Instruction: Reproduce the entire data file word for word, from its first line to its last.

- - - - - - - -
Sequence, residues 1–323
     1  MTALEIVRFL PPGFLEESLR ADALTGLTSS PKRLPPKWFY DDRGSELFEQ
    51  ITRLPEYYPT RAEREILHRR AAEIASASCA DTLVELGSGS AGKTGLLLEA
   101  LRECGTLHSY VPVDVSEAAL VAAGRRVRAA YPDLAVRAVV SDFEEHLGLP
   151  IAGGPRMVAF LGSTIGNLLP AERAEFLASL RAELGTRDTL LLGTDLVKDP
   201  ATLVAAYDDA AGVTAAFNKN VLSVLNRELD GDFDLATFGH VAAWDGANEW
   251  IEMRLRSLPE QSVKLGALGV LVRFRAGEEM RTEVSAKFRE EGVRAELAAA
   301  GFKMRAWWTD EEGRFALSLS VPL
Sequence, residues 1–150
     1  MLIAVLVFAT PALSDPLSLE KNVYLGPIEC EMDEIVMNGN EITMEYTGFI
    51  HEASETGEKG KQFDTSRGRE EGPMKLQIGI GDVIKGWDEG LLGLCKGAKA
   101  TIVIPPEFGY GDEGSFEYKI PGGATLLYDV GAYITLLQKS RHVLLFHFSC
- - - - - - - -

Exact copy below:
Sequence, residues 1–323
     1  MTALEIVRFL PPGFLEESLR ADALTGLTSS PKRLPPKWFY DDRGSELFEQ
    51  ITRLPEYYPT RAEREILHRR AAEIASASCA DTLVELGSGS AGKTGLLLEA
   101  LRECGTLHSY VPVDVSEAAL VAAGRRVRAA YPDLAVRAVV SDFEEHLGLP
   151  IAGGPRMVAF LGSTIGNLLP AERAEFLASL RAELGTRDTL LLGTDLVKDP
   201  ATLVAAYDDA AGVTAAFNKN VLSVLNRELD GDFDLATFGH VAAWDGANEW
   251  IEMRLRSLPE QSVKLGALGV LVRFRAGEEM RTEVSAKFRE EGVRAELAAA
   301  GFKMRAWWTD EEGRFALSLS VPL
Sequence, residues 1–150
     1  MLIAVLVFAT PALSDPLSLE KNVYLGPIEC EMDEIVMNGN EITMEYTGFI
    51  HEASETGEKG KQFDTSRGRE EGPMKLQIGI GDVIKGWDEG LLGLCKGAKA
   101  TIVIPPEFGY GDEGSFEYKI PGGATLLYDV GAYITLLQKS RHVLLFHFSC